Presentation on theme: "Rating the US Presidents From George Washington to George W. Bush."— Presentation transcript:
Rating the US Presidents From George Washington to George W. Bush
Rating the US Presidents In the United States we like to rate a President. We measure him as weak or strong and call what we are measuring his leadership: we rate him from the moment he takes office. We are quite right to do so. Richard Neustadt Presidential Power (1960)
Presidential rating, Arthur M. Schlesinger Sr. conducted the first systematic rating effort for Life magazine in 1948 and did a follow-up in Presidential rating surveys now regularly engage scholars, the media and think-tanks
The objects of the exercise
Poll findings over time: Top 6 Schlesinger Sr. Schlesinger Jr. Federalist/WSJ Abraham Lincoln Abraham Lincoln George Washington 2. George Washington George Washington Abraham Lincoln 3. Franklin D. FDR FDR Roosevelt 4. Woodrow Wilson Thomas Jefferson Thomas Jefferson 5. Thomas Jefferson Andrew Jackson Theodore Roosevelt 6. Andrew Jackson Theodore Roosevelt Andrew Jackson
Ratings over time: Bottom 4 Schlesinger Sr. Schlesinger Jr. Federalist Society/ WSJ 2000 Franklin Pierce Richard Nixon Andrew Johnson James Buchanan Andrew Johnson Franklin Pierce Ulysses S. Grant James Buchanan Warren Harding Warren Harding Warren Harding James Buchanan
The C-Span Surveys Arguably the most systematic surveys that seek to rank presidents on the basis of scores awarded for ten leadership qualities Public Persuasion Crisis Leadership Economic management Moral Authority International Relations Administrative Skills Relations with Congress Vision/Agenda-Setting Pursuit of Equal Justice to All Performance within Context of times
The C-Span Survey of 2009: Top 10Bottom 10 1.Abraham Lincoln33. Rutherford Hayes 2.George Washington34. Herbert Hoover 3.Franklin D. Roosevelt35. John Tyler 4. Theodore Roosevelt36. G.W. Bush 5. Harry S. Truman37. Millard Fillmore 6. John F. Kennedy38. Warren Harding 7. Thomas Jefferson 39. William H. Harrison 8. Dwight D. Eisenhower40. Franklin Pierce 9. Woodrow Wilson41. Andrew Johnson 10.Ronald Reagan42. James Buchanan
The ratings game – the shortcomings What is being measured? What is presidential greatness? How can we compare presidential leadership over time? Is it justifiable to give equal weighting to all categories when some are patently more important to a particular president? Are fine distinctions of leadership performance truly possible – particularly in the middling group of presidents (13-30)? Is there judgement bias in surveys because left-of centre scholars broadly favour liberal presidents? Do ratings favour earlier presidents because they are less familiar?
An example of rating anomalies C-Span 2009 survey ranked as follows for economic management 1. Washington 6. JFK 2. Lincoln7. Wilson 3. Clinton8. DDE 4. TR9. Jefferson 5. FDR10. Truman But Nos. 1, 2, 4, 7 and 9 occupied the presidency before it acquired its economic management role (& instruments thereof)... And wheres LBJ (11) and Reagan (17 - behind John Quincy Adams at 16)?
But the rating game continues… The rating game is here to stay because the president is the focal point of the US political system We expect presidents to be strong leaders and to use their leadership qualities to do good – so rating them in comparison to each other is one way of assessing how they measure up to such expectations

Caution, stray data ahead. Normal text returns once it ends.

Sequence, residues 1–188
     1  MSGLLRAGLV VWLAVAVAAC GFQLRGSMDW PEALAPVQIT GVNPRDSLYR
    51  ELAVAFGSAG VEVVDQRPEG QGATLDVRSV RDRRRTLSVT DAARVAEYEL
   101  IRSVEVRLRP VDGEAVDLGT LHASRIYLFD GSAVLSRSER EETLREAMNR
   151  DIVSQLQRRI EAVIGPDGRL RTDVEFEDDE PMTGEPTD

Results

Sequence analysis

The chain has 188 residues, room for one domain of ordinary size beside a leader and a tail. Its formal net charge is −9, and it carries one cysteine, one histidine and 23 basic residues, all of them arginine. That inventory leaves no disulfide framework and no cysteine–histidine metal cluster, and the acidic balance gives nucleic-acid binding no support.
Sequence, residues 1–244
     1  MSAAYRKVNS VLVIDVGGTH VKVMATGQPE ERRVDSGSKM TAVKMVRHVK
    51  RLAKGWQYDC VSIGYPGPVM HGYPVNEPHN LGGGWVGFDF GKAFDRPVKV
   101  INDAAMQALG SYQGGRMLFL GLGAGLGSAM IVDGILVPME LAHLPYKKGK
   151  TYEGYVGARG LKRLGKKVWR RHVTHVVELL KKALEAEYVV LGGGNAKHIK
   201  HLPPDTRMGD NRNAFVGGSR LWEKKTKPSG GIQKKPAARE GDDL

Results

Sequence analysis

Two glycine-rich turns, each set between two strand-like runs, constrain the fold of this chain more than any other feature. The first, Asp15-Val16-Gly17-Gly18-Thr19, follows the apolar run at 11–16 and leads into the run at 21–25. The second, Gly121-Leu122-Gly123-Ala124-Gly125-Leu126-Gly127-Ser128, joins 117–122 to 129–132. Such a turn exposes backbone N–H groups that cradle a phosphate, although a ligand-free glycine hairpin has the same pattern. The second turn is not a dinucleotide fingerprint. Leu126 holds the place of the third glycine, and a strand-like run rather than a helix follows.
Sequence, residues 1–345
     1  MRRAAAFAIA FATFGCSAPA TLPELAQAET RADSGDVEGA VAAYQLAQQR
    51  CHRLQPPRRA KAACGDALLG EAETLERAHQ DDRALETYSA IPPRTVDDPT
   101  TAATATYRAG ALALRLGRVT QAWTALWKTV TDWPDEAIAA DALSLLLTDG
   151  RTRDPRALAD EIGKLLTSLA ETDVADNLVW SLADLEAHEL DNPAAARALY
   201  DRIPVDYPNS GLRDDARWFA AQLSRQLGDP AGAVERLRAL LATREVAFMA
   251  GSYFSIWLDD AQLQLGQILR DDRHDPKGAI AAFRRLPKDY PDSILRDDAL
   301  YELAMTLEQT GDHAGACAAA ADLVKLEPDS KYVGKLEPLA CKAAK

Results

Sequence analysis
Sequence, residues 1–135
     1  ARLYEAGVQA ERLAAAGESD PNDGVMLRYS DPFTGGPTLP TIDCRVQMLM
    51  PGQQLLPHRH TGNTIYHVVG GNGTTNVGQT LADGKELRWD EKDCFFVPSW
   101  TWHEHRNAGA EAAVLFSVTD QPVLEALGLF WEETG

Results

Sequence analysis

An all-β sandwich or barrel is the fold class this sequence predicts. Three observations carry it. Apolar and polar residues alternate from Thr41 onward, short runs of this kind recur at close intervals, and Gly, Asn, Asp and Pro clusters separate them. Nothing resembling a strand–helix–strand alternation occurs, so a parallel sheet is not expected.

The UK Survey The first scholarly UK survey Confined to UK and Irish scholars (US and Canadian scholars based in UK excluded) Historians, political scientists and IR scholars participated Scholarly scepticism but media interest BBC News web article on survey received over 100,000 hits in 24 hours
UK Survey Method 47 scholars graded 40 presidents (William H. Harrison and Garfield excluded) Assessed on: vision/agenda-setting; domestic leadership; foreign policy leadership; moral authority; positive historical significance of their legacy
UK Survey: Best and worst (C-Span 2009 for comparison) 1.FDR (3)31. GW Bush (36) 2.Lincoln(1)32. Arthur (32) 3.Washington(2)33. Taylor (29) 4.Jefferson (7)34. B. Harrison (30) 5.TR (4)35. Fillmore (37) 6.Wilson(9)36. A. Johnson (41) 7.Truman (5)37. Tyler (35) 8.Reagan (10)38. Harding (38) 9. Jackson (13)39. Pierce (40) 10.Eisenhower(8)40. Buchanan (42)
The greatest presidents
The near greats
Reagan: Near great, great or...?
The worst presidents: scandal
The worst presidents: 1850s
Failure to resolve sectional crisis
Worst presidents: Reconstruction
Is there bias against recent presidents? No post-1945 president in UK top 5 Truman (7), Reagan (8), and Eisenhower (10) make top 10, but Reagan is the only post-1960 president to do so Does this reflect a decline in the quality of leadership or failure to allow that the modern presidency is a much tougher job?
Two surprises: JFK (15), Carter (18)
Nixon: No longer the pits, just average....! No 23 (between GHW Bush and Ford)
George W. Bush: A lowly rating (31st)
Obamas Prospects: Will the economy (and the public debt) decide?
One overview... … the presidency has been responsible for less harm and more good, in the nation and in the world, than perhaps any other secular institution in history. Forrest McDonald The American Presidency: An Intellectual History (1994)
... And a contrary one Of the 14 presidents who held office from 1920 to 2009, only three were successful (FDR, DDE, RR) - Thomas Cronin, On the Presidency: Teacher, Soldier, Shaman, Pol (2009) Many scholars continue to attribute to the presidency highly romantic qualities of integrity, honesty, and competence rarely seen in the Oval Office. - Louis Fisher, Teaching the Presidency: Idealizing a Constitutional Office, PS, Jan. 2012